• Reach 4 represents the northern most segment of what is commonly known as the Southwest Branch of the Rancocas Creek. The majority of the segment is located in Lumberton Township. The most upstream segment is located in Medford Township, approximately 500 feet south of the border with Lumberton Township; this portion of the creek is about 2.1 miles long.
John Scillia with GSE Civil/Environmental Engineers said the entire project involves clearing some 187 debris fields that his firm has identified in over nine miles of creek. 
 
The towns, for their part, will be working to harness the energy of volunteers in future years to undertake annual debris clearing projects, in hopes of minimizing shoaling that can hamper stream flow.
 
“When you remove the heavy debris, the difference in the creek is night and day,” said Southampton Mayor Young. “You can actually see the water flowing more quickly, the way it should.”
 
Medford has already tackled the task of clearing a portion of the southwest branch, which flows into Reach 4. Mayor Brown and Councilwoman O’Brien introduced Bernie Mayer, a local resident who mobilized volunteers to clear some of the debris in a two-mile portion that flows between Medford Park in downtown Medford to Kirby’s Mill, not far from the Lumberton border.
 
“The story is that Bernie was bold enough to come to council and ask if something could be done to clear the creek for canoeing,” quipped Brown. “He was immediately given the volunteer job of Canoe Trail Chairman.”
 
Andrew Giles, Director of Ironwood, said he also saw the creek clearing as a positive development for recreation, especially for canoes and kayakers who drop in near the center. But Giles also vividly recalls the 2004 flood.
 
“The water rose so high that you couldn’t see our building,” he said. “The only thing left exposed was the roof.”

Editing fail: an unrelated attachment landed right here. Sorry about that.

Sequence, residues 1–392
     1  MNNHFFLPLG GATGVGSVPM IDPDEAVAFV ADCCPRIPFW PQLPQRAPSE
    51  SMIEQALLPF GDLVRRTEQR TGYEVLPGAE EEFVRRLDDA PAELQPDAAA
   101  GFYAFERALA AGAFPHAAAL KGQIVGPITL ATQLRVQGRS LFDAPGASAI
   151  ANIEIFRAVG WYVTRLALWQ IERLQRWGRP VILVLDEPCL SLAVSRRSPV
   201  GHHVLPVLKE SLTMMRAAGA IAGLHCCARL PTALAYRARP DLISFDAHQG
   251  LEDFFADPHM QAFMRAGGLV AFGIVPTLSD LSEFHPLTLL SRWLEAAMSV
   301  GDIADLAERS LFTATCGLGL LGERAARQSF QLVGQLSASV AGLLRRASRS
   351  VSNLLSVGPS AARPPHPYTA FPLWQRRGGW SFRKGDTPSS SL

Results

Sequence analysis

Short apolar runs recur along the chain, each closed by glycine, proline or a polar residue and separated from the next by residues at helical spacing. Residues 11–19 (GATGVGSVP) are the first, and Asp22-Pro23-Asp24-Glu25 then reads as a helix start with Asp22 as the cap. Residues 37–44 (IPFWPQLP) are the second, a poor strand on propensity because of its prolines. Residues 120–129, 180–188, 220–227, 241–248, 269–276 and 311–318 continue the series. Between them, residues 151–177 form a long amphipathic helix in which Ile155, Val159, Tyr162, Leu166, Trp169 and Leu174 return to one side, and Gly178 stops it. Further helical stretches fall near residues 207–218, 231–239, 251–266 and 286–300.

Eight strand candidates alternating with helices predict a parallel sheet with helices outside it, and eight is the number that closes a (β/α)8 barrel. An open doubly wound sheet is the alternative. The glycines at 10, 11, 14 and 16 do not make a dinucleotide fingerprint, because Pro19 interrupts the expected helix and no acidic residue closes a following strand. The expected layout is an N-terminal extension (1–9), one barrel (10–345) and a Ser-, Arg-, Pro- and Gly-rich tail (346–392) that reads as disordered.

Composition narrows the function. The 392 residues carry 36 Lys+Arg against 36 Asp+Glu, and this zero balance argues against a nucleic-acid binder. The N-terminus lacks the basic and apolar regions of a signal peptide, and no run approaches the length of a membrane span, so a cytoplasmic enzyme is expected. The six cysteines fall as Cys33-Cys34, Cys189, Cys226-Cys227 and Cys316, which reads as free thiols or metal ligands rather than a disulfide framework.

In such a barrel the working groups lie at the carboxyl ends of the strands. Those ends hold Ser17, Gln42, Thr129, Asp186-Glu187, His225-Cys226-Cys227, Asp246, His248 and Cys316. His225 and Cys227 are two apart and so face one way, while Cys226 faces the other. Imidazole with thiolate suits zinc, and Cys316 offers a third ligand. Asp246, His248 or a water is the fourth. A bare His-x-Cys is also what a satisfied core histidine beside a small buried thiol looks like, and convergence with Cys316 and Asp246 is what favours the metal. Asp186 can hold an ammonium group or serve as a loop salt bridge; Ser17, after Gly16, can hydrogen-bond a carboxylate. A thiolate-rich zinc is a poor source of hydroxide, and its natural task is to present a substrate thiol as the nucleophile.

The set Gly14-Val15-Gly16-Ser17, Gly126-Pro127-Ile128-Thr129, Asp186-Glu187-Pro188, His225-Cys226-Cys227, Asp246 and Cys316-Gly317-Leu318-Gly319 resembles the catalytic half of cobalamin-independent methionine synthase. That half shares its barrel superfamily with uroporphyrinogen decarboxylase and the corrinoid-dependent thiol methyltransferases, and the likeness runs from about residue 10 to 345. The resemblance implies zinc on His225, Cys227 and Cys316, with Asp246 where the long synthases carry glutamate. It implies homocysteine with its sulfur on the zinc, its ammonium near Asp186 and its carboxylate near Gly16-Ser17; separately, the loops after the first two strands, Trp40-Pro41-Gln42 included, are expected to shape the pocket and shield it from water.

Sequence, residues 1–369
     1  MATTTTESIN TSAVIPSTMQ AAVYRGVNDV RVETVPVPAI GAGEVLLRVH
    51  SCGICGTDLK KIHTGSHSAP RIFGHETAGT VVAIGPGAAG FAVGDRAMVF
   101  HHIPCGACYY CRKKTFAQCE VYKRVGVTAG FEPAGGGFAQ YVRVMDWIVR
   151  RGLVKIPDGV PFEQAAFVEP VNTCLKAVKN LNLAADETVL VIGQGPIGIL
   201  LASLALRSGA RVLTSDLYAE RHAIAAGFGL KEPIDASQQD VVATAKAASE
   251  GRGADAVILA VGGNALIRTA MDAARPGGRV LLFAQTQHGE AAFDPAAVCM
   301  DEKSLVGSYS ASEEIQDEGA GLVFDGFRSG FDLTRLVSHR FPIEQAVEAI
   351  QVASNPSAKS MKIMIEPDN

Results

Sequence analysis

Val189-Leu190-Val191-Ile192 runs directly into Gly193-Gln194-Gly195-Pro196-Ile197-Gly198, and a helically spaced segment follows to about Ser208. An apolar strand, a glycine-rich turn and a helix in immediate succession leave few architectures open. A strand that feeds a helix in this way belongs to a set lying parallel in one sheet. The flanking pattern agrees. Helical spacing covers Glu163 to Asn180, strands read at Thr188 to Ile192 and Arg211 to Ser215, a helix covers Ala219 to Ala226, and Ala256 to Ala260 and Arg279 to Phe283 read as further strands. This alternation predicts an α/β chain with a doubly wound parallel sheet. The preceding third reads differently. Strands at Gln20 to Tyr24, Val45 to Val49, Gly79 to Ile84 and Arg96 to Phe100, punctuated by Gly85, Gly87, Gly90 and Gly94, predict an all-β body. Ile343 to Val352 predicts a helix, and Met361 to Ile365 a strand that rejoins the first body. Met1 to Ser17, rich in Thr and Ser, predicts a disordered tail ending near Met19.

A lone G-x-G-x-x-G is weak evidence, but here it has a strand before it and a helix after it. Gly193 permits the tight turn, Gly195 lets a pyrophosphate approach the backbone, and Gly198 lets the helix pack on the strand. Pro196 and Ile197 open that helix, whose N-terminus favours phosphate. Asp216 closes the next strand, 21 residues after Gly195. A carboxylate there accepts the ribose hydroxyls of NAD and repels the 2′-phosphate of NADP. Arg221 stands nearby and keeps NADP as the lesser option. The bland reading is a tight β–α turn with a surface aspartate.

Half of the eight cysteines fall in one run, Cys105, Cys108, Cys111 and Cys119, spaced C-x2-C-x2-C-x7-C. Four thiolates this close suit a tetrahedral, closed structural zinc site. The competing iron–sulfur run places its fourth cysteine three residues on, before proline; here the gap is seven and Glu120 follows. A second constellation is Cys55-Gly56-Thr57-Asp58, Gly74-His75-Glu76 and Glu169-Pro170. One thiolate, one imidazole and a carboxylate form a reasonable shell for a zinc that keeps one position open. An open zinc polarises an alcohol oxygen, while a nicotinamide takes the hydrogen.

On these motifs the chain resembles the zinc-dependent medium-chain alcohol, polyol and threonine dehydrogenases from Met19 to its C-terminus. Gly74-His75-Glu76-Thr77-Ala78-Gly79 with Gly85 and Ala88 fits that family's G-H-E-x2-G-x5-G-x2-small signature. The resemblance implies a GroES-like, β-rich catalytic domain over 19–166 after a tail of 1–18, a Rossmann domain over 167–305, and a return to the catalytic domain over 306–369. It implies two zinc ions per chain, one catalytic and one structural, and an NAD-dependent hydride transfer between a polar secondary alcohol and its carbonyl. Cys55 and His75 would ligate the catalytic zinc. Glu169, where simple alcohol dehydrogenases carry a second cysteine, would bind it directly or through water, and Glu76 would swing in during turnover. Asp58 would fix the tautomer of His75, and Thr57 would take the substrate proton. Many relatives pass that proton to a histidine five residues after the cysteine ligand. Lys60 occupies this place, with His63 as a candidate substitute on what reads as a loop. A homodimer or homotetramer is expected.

Palmyra Cove Hosts NJDEP "Water Monitoring Day

On October 7th, fifty students from Camden’s St. Joseph-Pro Cathedral School came to Palmyra Cove Nature Park for a day of recognition of the importance of protecting our planet’s supply of fresh, clean drinking water.

Continued from e-mail below


NJ DEP Commissioner Mark Mauriello (above) and Richard Kropp, Administrative Head of the United States Geological Survey, welcomed the 7th and 8th grade students who spent time working with environmental professionals on a variety of water monitoring programs and activities. Students learned about watersheds, the importance of clean water, water testing techniques, and the kinds of aquatic wildlife that thrive in Palmyra Cove Nature Park. They were also introduced to the career possibilities that exist in water science.

Participating in the event, which fell a few weeks after the international celebration of World Water Monitoring Day, were members of AmeriCorps, the U.S. Environmental Protection Agency, the state DEP, the United States Geological Survey, the Delaware River Basin Commission, and the New Jersey Geological Survey.